Journey America Part 3

The Highest High and the Lowest Low

From Chungo Creek Outfitters we began our final 330-kilometer trek to Calgary. 

It felt extraordinary to be so close to the finish line, especially since everyone was so healthy and well. Clara and I managed to stay safe from the Covid-19 Pandemic and Mac and Smokey were fat, exuding energy. More importantly, their feet and backs – two of the hardest things to keep healthy on a long ride – were perfect! 

I was so happy.

We followed the Forestry Trunk Road across Highway 11 and before the day was over, I rode by a sign that gave me the chills. 

“Calgary 306 kilometers,” read the green sign on the right side of the picturesque gravel road. 

I wanted to scream with happiness! I had dreamt of seeing a sign with the word Calgary on it for years now. And here we were, right in front of it. We were closer than ever to reaching our goal.

It was the highest moment of this last long ride thus far. 

But, like many times before on these journeys, what happened next took me from the heavens straight to the depths of hell in minutes. 

Shortly after taking photos in front of the sign, we found a nice place to camp for the night. After untacking the boys and feeding them some grain, I put on their hobbles and let them graze on the tall, bright green grass. 

Clara and I munched on our own dinner while I watched the boys hop from here to there while contentedly grazing. Little black birds sat on their backs happily going for a ride. All of a sudden, I saw Smokey lay down hard on the ground and stick his head straight forward on the grass with both ears flat back. 

“Oh no, this is bad,” is all I managed to get out to Clara before I ran to him and got him up. 

Smokey was showing early signs of colic. 

“What do we do,” Clara asked with water filling her eyes.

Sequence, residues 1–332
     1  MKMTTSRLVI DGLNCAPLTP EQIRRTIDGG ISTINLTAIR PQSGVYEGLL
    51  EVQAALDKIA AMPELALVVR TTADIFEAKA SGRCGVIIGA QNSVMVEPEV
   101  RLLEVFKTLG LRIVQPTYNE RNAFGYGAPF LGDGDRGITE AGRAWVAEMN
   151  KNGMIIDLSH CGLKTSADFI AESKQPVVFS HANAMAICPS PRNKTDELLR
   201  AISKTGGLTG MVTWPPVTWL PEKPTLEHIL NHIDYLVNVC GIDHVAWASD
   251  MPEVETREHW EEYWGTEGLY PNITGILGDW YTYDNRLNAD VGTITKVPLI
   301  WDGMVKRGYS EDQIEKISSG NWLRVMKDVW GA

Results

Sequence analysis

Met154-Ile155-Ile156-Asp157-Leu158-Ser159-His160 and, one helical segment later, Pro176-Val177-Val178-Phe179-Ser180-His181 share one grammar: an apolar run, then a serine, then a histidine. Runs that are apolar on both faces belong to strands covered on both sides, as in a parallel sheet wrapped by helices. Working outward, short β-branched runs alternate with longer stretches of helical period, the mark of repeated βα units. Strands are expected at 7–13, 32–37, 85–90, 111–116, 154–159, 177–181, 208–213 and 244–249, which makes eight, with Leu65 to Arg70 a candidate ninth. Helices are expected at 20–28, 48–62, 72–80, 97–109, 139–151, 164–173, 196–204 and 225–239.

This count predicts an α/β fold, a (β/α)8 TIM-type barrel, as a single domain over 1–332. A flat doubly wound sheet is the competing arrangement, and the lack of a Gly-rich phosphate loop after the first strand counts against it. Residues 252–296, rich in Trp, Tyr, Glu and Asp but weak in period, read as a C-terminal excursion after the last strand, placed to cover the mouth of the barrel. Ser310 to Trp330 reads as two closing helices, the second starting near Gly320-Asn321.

We did the only thing we could. We did not allow him to lay down again or roll and we walked him around for two hours. I also dumped a large amount of cooking oil down his throat in the hopes it would lubricate his long intestine and hopefully cause him to defecate. 

As we walked the mighty grey horse around the open field, I tried to push the negative thoughts that plagued my mind. “You are going to lose him… It’s always at the end that tragedy strikes… Smokey is going to die…”

The worst part is that I didn’t have any medication on me. Since Canada recently instituted a law where only a certified Veterinarian can administer drugs to treat an animal, none could sell me anything to take on the journey in case of an emergency — like this one. I tried to purchase at least Benamine, a muscle relaxant, from several Canadian vets but I had no luck.

With no other options, we kept walking Smokey and I contacted the closest vet at a clinic in Rocky Mountain House, some 90 kilometers away. If Smokey kept getting worse, the vet said he would come see him, but at a cost of $500 CND – and that was just to drive out. Medication and treatment would be extra. 

While we walked the wild horse around, he would tighten up with abdominal pains every few minutes. It was painful watching Smokey. 

Clara drove back to Chungo Creek Outfitters where Corey lent us some Phenylbutazone (Bute), a white powder that acts as an analgesic (pain reliever) and anti-inflammatory medication for horses. It wasn’t Benamine but at least it would give him some relief from the pain and it was all Corey had. 

Finally, after several tense hours, Smokey first defecated and a couple of minutes later, coughed out this thick green slime. Then he snorted some more of the liquid out of his nose and fell asleep standing up. That’s when I started breathing a little easier.

“That’s it buddy, relax,” I said to my mighty pony.

 Then, after a five-minute snooze, he awoke, put his head down and started grazing. 

“Yesssssssssss,” I yelled out loud in happiness! We had done it. Smokey was going to be okay.